Adjustments.You may discover that the space in front of your car's nose is dwindling too rapidly for your car to roll clear of the one in front of you. You may also find yourself too far away from the curb as a result of the adjustment, or simply unable to make it into the space now without bumping a car behind you. If so, then pull back out and start over, making small adjustments. As you do so, keep the following rules in mind:


  • The wider the initial gap between you and the parallel car, the bigger the initial angle you will require.
  • The smaller the available parking space, the bigger the angle you will need.
  • The longer you roll in reverse before angling your car, the bigger the angle you will need.
  • The smaller the initial angle of entry, the greater the space you will need .
  • If your car has a standard transmission, the flow will feel different than with an automatic transmission. You'll have to be a little more active with the gas pedal.

Don't be impatient – experimentation is part of the learning process. Observe the differences in parking as you make these adjustments. Practice for situations when you'll be parking on the left or right side of the road—sometimes you'll have a better feel for one side or the other.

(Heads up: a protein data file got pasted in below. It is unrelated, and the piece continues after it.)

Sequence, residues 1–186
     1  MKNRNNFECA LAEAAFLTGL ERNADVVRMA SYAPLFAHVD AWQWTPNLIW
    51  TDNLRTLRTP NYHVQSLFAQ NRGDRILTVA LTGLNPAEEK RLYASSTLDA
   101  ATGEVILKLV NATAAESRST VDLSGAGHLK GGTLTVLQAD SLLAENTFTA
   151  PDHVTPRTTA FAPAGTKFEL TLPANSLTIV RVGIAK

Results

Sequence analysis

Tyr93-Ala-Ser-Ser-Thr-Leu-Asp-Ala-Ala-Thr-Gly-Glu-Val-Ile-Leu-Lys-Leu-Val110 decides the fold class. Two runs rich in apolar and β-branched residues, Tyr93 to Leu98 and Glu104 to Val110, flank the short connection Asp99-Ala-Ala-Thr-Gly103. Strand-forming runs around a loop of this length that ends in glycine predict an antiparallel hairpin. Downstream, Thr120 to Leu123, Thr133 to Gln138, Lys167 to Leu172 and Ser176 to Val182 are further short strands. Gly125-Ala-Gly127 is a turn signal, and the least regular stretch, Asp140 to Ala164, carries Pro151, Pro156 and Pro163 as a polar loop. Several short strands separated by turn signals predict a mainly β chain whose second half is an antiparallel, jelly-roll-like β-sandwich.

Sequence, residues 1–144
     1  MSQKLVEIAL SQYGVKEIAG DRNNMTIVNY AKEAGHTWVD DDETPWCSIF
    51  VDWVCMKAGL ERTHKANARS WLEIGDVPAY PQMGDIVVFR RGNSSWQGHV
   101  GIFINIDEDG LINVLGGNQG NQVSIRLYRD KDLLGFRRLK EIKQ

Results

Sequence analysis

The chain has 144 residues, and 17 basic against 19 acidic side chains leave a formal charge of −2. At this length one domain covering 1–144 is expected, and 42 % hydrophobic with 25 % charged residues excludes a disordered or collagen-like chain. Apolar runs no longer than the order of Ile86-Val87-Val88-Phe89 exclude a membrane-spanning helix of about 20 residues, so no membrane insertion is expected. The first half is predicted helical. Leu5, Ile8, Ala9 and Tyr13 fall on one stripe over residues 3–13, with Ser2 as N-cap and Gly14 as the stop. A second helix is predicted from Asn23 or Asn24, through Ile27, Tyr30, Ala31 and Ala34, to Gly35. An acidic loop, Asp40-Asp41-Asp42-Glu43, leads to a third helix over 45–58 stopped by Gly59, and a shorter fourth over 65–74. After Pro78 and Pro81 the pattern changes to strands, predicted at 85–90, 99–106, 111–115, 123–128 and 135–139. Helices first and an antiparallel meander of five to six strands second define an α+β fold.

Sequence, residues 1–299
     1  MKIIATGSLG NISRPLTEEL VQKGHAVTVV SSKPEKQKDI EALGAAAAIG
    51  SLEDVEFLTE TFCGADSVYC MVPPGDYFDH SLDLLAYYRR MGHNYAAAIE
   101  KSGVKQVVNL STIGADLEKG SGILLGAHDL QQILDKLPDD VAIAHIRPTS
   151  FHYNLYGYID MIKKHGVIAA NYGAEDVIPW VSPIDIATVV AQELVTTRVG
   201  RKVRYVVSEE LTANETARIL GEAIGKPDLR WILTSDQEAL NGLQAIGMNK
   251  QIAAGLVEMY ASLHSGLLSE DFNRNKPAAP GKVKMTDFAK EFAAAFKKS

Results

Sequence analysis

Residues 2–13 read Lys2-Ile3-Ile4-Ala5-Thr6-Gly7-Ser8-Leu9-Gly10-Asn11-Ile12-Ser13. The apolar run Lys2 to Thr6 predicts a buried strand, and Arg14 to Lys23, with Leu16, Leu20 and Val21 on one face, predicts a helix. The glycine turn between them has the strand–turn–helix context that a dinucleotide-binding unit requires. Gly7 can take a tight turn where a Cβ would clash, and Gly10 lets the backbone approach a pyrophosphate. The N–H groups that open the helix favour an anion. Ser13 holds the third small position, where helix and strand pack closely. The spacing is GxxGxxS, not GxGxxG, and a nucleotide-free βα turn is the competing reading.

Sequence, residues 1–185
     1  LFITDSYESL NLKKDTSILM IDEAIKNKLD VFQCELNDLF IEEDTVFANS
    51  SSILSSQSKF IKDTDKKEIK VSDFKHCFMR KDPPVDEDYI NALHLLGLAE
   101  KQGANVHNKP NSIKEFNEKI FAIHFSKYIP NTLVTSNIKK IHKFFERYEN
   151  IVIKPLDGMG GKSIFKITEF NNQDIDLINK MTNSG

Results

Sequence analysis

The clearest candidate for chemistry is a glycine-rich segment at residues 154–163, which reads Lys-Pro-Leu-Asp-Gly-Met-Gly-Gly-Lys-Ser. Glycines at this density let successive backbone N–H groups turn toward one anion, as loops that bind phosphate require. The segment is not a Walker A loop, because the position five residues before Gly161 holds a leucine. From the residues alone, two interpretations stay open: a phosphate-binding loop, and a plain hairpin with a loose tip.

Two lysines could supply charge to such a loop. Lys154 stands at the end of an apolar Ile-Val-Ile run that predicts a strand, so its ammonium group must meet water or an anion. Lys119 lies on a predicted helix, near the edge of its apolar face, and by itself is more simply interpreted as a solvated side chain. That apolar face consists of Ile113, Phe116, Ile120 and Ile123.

For some visual perspective on the process, hit parallel parking on Google images.

You say you don't have the hand-eye coordination to parallel park? That will improve with practice and these driving tips. You say your car's too big to parallel park in the city? I've seen Hummers parked cleanly alongside the curb. Always choose your spots wisely – too many impossible squeezes can rattle anyone's confidence. The key is to practice in calm environments first, then gradually move to tighter and tenser situations. You'll discover that this once-fearsome parking technique becomes your favorite.